-- "I bore within me as by something fragile and precious which had been entrusted to me and which I should have liked to deliver intact into the hands of those for whom it was intended, hands which were not my own."
--"No doubt my books too, like my fleshly being, would in the end one day die. But death is a thing that we must resign ourselves to. We accept the thought that in ten years we ourselves, in a hundred years our books, will have ceased to exist. Eternal duration is promised no more to men's work than to men." Proust died after the publication of "Sodom & Gomorrhah". He'd written the final volumes, but they were fragmentary, somewhat rough drafts. His brother Robert edited them and published them.
-- I was so touched by Proust's self-awareness as a writer. Now that he's finally found the germ of his great work, he writes, "But for me was there still time? Was it not too late?"
He writes that he had become indifferent to death, but when he realizes that he's to write this epic novel, he starts to worry that death will snatch him before he has time to write it.
-- Best line: "For neither our greatest fears nor our greatest hopes are beyond the limits of our strength - we are able in the end both to dominate the first and to achieve the second."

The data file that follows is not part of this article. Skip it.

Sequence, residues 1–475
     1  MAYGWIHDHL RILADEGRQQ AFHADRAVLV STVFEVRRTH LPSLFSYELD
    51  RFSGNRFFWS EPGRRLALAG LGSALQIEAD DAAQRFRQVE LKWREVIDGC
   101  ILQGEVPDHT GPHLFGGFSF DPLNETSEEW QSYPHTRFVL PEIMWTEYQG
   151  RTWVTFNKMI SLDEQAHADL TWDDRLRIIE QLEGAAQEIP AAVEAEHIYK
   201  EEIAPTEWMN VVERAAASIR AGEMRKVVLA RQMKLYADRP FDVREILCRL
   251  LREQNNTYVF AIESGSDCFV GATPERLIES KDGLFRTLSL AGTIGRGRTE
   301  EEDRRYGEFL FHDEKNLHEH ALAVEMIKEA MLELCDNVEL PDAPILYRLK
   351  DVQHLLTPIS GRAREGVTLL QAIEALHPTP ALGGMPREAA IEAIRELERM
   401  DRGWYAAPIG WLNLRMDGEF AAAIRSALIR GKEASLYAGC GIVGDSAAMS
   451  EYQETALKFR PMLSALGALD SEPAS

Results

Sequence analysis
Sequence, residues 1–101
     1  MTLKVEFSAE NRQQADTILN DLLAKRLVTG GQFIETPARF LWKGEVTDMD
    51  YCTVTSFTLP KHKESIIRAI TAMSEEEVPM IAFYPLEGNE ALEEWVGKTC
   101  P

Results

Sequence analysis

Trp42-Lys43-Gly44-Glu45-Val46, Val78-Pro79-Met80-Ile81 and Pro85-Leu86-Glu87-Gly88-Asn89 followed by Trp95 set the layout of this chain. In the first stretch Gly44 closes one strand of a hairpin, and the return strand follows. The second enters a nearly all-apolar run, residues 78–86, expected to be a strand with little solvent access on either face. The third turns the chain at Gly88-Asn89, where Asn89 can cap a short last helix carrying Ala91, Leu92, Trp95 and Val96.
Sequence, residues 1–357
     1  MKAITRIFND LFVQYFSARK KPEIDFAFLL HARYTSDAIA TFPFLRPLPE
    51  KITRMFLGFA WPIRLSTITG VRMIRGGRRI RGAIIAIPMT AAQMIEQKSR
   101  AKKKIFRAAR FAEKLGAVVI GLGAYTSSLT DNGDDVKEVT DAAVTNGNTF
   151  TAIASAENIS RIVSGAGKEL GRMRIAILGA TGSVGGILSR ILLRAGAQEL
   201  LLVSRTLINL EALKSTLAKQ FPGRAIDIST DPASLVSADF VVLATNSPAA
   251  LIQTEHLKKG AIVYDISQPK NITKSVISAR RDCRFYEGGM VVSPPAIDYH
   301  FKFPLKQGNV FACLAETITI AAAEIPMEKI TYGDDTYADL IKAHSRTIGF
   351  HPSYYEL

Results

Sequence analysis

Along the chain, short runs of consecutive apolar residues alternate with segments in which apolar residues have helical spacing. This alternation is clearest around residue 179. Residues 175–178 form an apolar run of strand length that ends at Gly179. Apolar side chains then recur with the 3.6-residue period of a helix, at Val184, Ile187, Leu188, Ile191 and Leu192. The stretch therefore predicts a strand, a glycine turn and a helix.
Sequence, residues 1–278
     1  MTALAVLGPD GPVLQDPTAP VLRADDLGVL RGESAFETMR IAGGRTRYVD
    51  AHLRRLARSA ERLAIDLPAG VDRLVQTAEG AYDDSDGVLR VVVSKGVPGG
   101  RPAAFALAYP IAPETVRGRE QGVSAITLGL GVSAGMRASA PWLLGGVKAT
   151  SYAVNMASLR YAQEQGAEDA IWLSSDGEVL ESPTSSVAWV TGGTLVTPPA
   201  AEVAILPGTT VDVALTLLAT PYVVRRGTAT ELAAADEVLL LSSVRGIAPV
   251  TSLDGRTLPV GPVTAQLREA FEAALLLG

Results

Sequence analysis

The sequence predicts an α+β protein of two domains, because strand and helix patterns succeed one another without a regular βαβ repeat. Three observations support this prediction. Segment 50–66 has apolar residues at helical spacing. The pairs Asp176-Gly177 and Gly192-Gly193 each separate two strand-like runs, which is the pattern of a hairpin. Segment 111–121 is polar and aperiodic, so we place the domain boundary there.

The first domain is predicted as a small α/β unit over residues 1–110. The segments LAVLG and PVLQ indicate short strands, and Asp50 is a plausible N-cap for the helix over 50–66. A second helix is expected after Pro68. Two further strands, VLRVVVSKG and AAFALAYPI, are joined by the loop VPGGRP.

Sentences I particularly liked:
- "The death of unknown millions is felt by us as the most insignificant of sensations, hardly even as disagreeable as a draught."on wars where the "front" is distanced from the civilian population
- "Excuses have no place in art and intentions count for nothing."
- "A name read long ago in a book contains within its syllables the strong wind and brilliant sunshine that prevailed while we were reading it."
- "Through art alone we are able to emerge from ourselves."
- "Thanks to art, instead of seeing one world only, our own, we see that world multiply itself and we have at our disposal as many worlds as there are original artists, worlds more different one from the other than those which revolve in infinite space, worlds which, centuries after the extinction of the fire from which their light first emanated, whether it is called Rembrandt or Vermeer, send us still each one its special radiance."
- "The internal timepieces which are allotted to different human beings are by no means synchronized."
3,123 pages. I've completed a journey that not many will undertake, but at roughly the 100 year mark from Swann's Way's publication, I'll do my part to advocate that these books aren't dead yet.
I'm always sad when I finish a really great novel. A little because it's over, and if I've really enjoyed it, I wanted more. But I think a little, too, because writing raw truths and careful prose takes not just intelligence and hard work, but true guts. Proust may have flitted from one party to the next for a few years, but he spent the better part of his life writing this novel, and that kind of dedication to art is so rare these days. There's a reason why this one's a classic.
Now appropriately I move to a different time and perhaps a different dimension, beginning far from the beginning.